The Dead Creating the Living

On the 15th of October, Fabienne Justel, a 39-year-old French widow, was denied the chance to use the sperm of her late husband Dominique to be artificially inseminated. Dominique died three months after their June 2008 wedding of cancer, but had his sperm stored before his death.

Justel had hoped that she could obtain the sperm and take it to another country to be impregnated because artificial insemination using the sperm of a deceased partner is illegal in France. Permission has to be given for procedure by the donor, and in Justel’s case, her husband obviously wouldn’t be able to provide consent. Justel was  even denied the simple opportunity to obtain the sperm to take elsewhere.

Although this is a major setback for her, Justel wasn’t surprised by the ruling, and plans to appeal. She tells the AFP (the Agence France-Presse, kind of like the French version of the Associated Press), “…I want my husband’s sperm given back to me. I have no time to lose.” She hopes that France will lighten up on the issue of artificial insemination because other countries have less restrictions when it comes to allowing post-mortem sperm usage. This makes me think. Can you be impregnated by a deceased individual here in the States? What exactly are our rules?

According to the West’s Encyclopedia of American Law, “Now that sperm can be frozen for future use, a woman can be impregnated at any time, even after her husband’s death.” Creepy…But I guess that it is the best option for women with husbands or partner’s who know that they may not make survive certain sicknesses such as cancer. This law was tested in the case of Nancy and Edward Hart of Covington, Louisiana. Battling with cancer and finding that chemotherapy could leave him sterile, Edward froze some of his sperm for his wife Nancy. After he passed in 1990, Nancy was inseminated with his sperm and gave birth to their daughter Judith in June of 1990. Much to her surprise, the state would NOT announce Edward as her father due to the fact that Judith had been born more than 300 days after his death. Facing the chance that she would not be allowed to receive Edward’s social security benefits, Nancy sued the state of Louisiana. It was finally decided nearly four years after the birth of Judith that Nancy and her daughter were owed a lump sum and $700 in survivors benefits a month. Simple DNA evidence (that took four years!?) proved that Edward was the father of Judith, forcing the Social Security Administration to pay up.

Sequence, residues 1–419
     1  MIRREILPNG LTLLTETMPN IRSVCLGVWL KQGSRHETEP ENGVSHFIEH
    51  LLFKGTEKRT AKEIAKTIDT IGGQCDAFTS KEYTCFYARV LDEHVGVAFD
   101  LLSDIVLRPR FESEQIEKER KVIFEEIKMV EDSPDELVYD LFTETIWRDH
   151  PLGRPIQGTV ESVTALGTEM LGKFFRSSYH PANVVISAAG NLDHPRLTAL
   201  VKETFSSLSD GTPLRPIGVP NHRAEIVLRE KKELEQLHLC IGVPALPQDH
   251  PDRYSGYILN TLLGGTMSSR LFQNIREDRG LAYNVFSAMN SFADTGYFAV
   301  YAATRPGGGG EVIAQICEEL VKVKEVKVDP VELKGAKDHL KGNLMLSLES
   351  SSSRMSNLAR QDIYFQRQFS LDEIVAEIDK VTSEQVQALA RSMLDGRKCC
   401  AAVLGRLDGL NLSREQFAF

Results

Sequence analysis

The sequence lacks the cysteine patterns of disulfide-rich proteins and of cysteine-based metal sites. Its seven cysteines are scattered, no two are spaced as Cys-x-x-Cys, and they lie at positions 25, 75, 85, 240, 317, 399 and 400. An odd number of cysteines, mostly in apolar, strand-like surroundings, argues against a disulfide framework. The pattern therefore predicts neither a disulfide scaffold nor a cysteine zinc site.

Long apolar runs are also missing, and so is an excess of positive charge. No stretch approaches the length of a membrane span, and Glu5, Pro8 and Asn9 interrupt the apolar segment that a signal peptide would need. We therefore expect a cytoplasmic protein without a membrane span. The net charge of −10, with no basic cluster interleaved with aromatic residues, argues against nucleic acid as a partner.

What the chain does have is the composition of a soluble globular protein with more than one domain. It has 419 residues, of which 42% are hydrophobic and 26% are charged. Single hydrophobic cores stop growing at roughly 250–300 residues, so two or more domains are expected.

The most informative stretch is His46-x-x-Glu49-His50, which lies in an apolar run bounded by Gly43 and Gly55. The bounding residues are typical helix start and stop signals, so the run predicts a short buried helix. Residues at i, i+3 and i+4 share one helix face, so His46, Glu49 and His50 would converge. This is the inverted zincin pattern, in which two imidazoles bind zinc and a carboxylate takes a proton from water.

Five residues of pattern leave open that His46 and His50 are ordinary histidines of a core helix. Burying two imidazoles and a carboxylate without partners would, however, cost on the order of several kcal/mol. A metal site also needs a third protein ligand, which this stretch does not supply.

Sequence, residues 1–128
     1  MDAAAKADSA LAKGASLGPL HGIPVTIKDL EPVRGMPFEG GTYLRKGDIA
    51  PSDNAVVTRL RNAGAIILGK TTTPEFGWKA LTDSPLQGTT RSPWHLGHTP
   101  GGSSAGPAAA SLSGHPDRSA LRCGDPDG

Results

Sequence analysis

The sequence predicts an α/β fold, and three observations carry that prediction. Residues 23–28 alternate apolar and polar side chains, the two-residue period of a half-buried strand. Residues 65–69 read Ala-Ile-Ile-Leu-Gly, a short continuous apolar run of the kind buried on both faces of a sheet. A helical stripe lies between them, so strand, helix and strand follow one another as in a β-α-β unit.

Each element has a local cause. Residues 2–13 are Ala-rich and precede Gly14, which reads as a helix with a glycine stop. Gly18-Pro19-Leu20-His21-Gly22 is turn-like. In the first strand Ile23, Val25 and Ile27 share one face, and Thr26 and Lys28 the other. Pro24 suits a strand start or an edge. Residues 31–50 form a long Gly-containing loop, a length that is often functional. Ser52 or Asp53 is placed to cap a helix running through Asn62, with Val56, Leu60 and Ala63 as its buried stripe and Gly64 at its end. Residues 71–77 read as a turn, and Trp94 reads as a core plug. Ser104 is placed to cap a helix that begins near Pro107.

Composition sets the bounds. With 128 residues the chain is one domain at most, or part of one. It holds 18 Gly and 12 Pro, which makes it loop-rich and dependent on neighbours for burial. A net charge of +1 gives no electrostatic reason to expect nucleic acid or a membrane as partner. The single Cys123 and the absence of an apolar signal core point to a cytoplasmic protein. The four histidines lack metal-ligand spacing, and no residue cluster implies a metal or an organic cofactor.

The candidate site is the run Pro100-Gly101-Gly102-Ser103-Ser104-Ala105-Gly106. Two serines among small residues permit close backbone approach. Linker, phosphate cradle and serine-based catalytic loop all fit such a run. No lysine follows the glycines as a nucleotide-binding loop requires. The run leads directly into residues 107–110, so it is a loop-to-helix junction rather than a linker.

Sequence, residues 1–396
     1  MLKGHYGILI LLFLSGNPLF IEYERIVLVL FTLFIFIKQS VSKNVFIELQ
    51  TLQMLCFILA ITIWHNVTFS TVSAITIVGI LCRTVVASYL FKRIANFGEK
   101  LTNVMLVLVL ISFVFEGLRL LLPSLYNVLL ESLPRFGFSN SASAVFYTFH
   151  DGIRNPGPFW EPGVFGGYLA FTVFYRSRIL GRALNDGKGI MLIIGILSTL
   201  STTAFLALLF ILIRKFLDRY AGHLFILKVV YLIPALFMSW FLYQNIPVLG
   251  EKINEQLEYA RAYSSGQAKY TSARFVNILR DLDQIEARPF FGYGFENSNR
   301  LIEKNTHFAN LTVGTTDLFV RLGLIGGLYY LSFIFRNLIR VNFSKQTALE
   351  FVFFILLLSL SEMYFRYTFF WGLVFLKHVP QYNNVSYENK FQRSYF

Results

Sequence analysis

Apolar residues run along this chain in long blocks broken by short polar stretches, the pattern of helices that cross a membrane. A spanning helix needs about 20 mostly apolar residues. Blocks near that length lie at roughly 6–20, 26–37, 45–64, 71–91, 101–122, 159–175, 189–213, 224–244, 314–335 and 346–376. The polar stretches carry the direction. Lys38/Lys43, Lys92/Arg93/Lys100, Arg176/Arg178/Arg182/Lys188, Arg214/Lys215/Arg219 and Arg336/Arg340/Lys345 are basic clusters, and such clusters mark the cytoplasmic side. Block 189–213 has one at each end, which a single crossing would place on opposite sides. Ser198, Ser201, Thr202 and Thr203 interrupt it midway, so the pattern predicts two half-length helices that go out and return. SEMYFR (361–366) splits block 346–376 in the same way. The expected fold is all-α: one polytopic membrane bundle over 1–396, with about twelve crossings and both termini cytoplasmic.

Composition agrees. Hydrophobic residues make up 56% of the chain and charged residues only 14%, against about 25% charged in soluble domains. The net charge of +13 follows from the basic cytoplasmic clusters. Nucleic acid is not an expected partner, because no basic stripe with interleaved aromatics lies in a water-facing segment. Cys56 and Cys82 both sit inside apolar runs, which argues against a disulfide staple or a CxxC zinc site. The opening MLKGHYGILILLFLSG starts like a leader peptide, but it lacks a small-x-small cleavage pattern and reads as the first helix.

Although I probably wouldn’t want to have a child by my partner if he were not alive to see he or she, I think that the French courts should allow Justel to have her husband’s sperm. She’s not taking it to commit some form of biological terrorism crime (let’s not be paranoid, now), but to keep Dominique’s memory alive. It may be a little creepy, but if this is what they both wanted (obviously since Dominique purposely had his sperm frozen…), then his last wishes should be honored. If it makes people happy, and these folks choose to take care of their offspring, then by all means…

For more information on artificial insemination, check out the E-Healthsite Resource to have it broken down in simpler terms. Be sure to leave your thoughts below…